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nth, and arrived at the Catoctin about half-past 12 P. M. Here the column halted until half-past 2 P. M., when Brig.-Gen. Hatch assumed the command in place of General King, who was assigned to other duty. The enemy's position was on the summit of South-Mountain. To avoid the fire of his batteries, the division was diverged frage wrested it from him. The first division to enter the field on our side was Cox's, of Reno's corps. Next came the Pennsylvania reserve corps, Ricketts's and King's divisions, under command of the gallant and brave Hooker. We had batteries stationed on both wings, but at no one time were there over ten or twelve pieces in pp shooters on the road branching off from the turnpike at the right; the second and third brigades of Ricketts's division between the branch road and the turnpike; King's division (commanded by Gen. Hatch) at the left of the turnpike, the right resting on the turnpike; Gen. Reno's force on the extreme left, about a mile and a half
Rebellion Record: a Diary of American Events: Documents and Narratives, Volume 5. (ed. Frank Moore), Doc. 121.-surrender of Munfordville, Ky. (search)
Lebanon Junction, consisting of a part of the Sixtieth Indiana, (four hundred and twenty men,) including one company of the Twenty-eighth Kentucky, Lieutenant Conaway, which had been attached to it for duty; a part of the Sixty-eighth Indiana, Colonel King, (five hundred and seventy men,) and a battery of six pieces, Captain Conkle in command. On Tuesday, the sixteenth instant, about half-past 9 A. M. the advance of the enemy attacked our pickets on the south of our works, and from the directcers, when all did their duty well, especial praise seems almost out of place; yet some, of course, had better opportunities than others to display tact, coolness, and courage. Justice requires me to acknowledge my obligations to Lieutenant-Colonel Edward A. King, of the Nineteenth regulars, but now Colonel of the Sixty-eighth Indiana volunteers. He had position about midway of the south line of the works west of the railroad. Six companies of his regiment were held as a support in a hol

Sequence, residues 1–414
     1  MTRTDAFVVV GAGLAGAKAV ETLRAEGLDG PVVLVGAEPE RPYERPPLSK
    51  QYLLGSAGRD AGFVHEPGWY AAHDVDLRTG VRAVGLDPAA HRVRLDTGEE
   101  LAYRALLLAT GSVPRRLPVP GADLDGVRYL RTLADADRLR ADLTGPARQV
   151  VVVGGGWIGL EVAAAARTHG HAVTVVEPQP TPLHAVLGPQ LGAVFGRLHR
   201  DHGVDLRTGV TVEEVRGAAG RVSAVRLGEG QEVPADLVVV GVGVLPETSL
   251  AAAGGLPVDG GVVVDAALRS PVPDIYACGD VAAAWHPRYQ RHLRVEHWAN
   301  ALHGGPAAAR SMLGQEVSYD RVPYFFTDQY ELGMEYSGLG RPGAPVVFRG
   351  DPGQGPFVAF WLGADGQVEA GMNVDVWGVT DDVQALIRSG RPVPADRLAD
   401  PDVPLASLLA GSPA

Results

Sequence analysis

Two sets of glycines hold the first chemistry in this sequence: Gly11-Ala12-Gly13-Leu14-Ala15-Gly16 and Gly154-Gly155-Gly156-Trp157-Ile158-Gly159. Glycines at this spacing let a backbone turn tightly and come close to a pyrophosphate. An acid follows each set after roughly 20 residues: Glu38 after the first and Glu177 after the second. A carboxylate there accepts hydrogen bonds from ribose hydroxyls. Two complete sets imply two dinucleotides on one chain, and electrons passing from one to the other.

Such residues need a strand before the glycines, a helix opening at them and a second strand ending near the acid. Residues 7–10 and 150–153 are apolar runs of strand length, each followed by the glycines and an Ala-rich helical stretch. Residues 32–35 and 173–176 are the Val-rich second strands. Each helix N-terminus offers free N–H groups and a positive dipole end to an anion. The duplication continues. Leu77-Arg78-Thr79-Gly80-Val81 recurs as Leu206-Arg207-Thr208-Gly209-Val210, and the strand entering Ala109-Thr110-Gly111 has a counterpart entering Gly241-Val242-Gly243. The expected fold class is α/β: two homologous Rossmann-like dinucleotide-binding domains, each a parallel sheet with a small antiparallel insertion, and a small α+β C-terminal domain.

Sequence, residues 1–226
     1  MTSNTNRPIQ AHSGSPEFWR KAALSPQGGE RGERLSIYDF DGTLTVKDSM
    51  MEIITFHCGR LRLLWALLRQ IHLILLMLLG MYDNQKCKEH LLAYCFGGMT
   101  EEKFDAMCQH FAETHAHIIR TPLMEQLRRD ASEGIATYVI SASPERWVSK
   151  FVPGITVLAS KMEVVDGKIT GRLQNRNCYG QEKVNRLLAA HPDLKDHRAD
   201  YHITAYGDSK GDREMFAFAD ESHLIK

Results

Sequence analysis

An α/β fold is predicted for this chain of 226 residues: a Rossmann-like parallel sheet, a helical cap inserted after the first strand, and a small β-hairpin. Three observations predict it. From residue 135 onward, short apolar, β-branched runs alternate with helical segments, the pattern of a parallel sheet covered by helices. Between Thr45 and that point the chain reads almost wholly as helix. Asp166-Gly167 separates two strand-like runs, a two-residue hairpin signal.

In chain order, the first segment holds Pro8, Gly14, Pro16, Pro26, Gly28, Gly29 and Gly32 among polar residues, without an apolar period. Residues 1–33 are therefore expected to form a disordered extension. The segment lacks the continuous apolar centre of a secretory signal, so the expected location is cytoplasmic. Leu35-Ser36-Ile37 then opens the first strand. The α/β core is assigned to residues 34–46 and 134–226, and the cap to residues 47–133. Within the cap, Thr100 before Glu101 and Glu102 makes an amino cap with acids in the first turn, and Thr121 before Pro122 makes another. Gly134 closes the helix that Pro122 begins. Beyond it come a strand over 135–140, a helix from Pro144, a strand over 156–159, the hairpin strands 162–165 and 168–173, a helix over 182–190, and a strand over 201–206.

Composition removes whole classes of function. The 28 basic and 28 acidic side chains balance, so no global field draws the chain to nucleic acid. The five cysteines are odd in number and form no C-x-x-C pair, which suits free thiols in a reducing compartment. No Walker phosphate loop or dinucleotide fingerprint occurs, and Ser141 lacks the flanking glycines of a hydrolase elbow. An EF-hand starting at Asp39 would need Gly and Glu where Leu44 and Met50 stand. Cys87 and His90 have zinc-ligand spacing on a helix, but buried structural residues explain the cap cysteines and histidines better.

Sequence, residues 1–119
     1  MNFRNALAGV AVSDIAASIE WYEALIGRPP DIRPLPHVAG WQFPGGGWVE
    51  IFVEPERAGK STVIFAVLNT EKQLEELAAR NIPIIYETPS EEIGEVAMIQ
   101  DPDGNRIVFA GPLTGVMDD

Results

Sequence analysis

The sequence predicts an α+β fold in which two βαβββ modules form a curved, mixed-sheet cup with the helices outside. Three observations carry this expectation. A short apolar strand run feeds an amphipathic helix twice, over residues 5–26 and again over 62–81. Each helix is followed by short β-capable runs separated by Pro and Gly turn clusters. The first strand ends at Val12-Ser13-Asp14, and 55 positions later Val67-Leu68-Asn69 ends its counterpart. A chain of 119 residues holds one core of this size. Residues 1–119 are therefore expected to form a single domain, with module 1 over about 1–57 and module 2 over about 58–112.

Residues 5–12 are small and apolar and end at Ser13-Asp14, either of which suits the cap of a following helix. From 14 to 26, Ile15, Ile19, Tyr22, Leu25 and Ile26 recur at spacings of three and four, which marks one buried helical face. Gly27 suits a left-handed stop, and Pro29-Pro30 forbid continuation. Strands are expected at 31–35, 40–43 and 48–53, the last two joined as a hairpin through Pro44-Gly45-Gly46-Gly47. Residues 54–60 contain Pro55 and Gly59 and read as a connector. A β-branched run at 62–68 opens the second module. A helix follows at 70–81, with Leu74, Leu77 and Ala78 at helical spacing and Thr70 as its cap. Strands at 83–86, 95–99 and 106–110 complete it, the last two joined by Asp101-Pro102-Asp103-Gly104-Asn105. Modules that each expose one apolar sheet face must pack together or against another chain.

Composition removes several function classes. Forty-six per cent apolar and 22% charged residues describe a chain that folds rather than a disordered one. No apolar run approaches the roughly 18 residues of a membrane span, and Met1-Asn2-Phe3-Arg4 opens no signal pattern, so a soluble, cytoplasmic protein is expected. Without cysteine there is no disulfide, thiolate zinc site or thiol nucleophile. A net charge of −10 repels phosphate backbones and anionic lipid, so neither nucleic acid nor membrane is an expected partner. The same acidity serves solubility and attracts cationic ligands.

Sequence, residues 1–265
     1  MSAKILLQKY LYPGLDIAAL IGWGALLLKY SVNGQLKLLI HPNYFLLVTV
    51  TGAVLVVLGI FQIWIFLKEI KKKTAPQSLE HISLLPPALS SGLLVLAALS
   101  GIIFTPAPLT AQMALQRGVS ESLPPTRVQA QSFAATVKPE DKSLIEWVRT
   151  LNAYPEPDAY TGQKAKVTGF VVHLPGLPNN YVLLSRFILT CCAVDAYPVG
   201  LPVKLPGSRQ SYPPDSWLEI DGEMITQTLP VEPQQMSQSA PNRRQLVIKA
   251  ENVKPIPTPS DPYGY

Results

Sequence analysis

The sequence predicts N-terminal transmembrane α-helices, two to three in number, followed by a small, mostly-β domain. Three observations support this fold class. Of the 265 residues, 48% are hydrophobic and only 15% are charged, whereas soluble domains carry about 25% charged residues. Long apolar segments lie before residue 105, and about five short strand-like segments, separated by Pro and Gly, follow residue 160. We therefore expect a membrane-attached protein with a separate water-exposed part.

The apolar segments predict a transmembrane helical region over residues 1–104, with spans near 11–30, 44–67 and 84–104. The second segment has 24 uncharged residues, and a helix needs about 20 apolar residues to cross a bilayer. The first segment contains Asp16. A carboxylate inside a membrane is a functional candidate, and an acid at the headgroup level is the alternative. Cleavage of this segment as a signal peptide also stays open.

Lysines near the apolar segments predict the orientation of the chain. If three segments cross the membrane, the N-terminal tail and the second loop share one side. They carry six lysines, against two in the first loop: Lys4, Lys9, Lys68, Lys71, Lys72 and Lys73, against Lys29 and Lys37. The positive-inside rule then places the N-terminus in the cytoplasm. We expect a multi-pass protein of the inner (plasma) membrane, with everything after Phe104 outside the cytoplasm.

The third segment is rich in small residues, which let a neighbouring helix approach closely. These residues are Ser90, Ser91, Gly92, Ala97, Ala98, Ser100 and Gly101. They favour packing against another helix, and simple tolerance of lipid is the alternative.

Doc. 154.-expedition to Beaver Dam, Va. Official report of General Pope. headquarters of the army of Virginia, Washington, July 21, 1862. To Hon. E. M. Stanton, Secretary of War: the cavalry expedition I directed Gen. King to send out, on the nineteenth, has returned. They left Fredericksburgh at seven P. M. on the nineteenth, and after a forced march during the night, made a descent at daylight in the morning upon the Virginia Central Railroad at Beaver Dam Creek, twenty-five miles west of Hanover Junction, and thirty-five miles from Richmond. They destroyed the railroad and telegraph-line for several miles, burned the depot, which contained forty thousand rounds of musket ammunition, one hundred barrels of flour, and much other valuable property, and brought in a captain in charge as a prisoner. The whole country was thrown into a great state of alarm. One private was wounded on our side. The cavalry marched eighty miles in thirty hours. The affair was most succe
Doc. 156.-fight at the North Anna, Va. General Pope's despatch. headquarters army of Virginia, July 24. Hon. E. M. Stanton, Secretary of War: A cavalry expedition, sent out by Gen. King on the twenty-second, from Fredericksburgh, returned last evening. Early yesterday morning they met and defeated a body of confederate cavalry about one hundred strong, stationed near Carmel Church, on the telegraph line from Fredericksburgh to Richmond, burnt their camp and six cars loaded withem to you as soon as particulars are received. The damage done to the Virginia Central Railroad by the expedition of the nineteenth is not yet repaired. John Pope, Major-General Commanding. Lieutenant-Colonel Kilpatrick's report. To General King: General: I have the honor to report that in obedience to your orders, I left Fredericksburgh at four o'clock P. M., the twenty-second instant, with detachments of the Harris Light cavalry, (one hundred and sixty,) Third Indiana cavalry, (o